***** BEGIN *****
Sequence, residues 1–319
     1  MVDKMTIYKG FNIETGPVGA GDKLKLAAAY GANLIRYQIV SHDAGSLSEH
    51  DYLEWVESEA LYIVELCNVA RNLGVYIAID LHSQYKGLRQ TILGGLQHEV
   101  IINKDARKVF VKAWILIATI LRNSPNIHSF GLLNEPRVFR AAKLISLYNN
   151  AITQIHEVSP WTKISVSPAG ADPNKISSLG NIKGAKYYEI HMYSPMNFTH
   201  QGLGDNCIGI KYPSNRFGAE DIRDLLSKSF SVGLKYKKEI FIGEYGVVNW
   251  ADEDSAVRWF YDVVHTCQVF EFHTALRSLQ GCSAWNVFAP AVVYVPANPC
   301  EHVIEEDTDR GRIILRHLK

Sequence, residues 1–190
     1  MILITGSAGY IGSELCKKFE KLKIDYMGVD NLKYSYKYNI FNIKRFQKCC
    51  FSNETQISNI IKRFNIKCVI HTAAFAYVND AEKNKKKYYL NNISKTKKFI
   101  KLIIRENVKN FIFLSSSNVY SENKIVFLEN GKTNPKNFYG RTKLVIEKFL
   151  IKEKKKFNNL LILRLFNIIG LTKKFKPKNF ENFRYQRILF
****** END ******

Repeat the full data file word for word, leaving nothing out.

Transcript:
Sequence, residues 1–319
     1  MVDKMTIYKG FNIETGPVGA GDKLKLAAAY GANLIRYQIV SHDAGSLSEH
    51  DYLEWVESEA LYIVELCNVA RNLGVYIAID LHSQYKGLRQ TILGGLQHEV
   101  IINKDARKVF VKAWILIATI LRNSPNIHSF GLLNEPRVFR AAKLISLYNN
   151  AITQIHEVSP WTKISVSPAG ADPNKISSLG NIKGAKYYEI HMYSPMNFTH
   201  QGLGDNCIGI KYPSNRFGAE DIRDLLSKSF SVGLKYKKEI FIGEYGVVNW
   251  ADEDSAVRWF YDVVHTCQVF EFHTALRSLQ GCSAWNVFAP AVVYVPANPC
   301  EHVIEEDTDR GRIILRHLK

Sequence, residues 1–190
     1  MILITGSAGY IGSELCKKFE KLKIDYMGVD NLKYSYKYNI FNIKRFQKCC
    51  FSNETQISNI IKRFNIKCVI HTAAFAYVND AEKNKKKYYL NNISKTKKFI
   101  KLIIRENVKN FIFLSSSNVY SENKIVFLEN GKTNPKNFYG RTKLVIEKFL
   151  IKEKKKFNNL LILRLFNIIG LTKKFKPKNF ENFRYQRILF